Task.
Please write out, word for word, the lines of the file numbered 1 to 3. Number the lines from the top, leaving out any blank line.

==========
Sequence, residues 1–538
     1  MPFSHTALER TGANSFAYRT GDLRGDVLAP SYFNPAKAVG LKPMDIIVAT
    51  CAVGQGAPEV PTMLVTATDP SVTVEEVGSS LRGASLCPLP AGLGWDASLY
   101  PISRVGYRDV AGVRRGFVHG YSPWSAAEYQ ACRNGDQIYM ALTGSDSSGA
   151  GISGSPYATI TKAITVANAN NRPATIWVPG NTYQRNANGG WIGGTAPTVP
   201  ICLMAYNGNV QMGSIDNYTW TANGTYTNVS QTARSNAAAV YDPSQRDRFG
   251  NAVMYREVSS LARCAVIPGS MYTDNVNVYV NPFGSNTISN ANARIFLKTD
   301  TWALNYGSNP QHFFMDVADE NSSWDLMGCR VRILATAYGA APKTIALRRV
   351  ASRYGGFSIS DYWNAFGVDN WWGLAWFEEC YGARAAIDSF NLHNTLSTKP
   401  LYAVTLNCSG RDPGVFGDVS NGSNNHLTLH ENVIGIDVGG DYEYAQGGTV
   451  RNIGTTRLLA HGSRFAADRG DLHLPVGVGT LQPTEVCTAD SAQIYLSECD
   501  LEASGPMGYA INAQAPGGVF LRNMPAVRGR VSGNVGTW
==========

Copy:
Sequence, residues 1–538
     1  MPFSHTALER TGANSFAYRT GDLRGDVLAP SYFNPAKAVG LKPMDIIVAT
    51  CAVGQGAPEV PTMLVTATDP SVTVEEVGSS LRGASLCPLP AGLGWDASLY